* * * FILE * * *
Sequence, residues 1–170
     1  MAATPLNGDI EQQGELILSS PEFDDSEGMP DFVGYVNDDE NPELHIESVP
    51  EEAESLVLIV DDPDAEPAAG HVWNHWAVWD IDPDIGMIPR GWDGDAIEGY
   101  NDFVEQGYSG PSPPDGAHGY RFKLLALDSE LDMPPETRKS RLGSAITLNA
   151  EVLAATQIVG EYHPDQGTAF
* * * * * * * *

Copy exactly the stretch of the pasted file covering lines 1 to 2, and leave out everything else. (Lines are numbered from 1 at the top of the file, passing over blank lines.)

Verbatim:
Sequence, residues 1–170
     1  MAATPLNGDI EQQGELILSS PEFDDSEGMP DFVGYVNDDE NPELHIESVP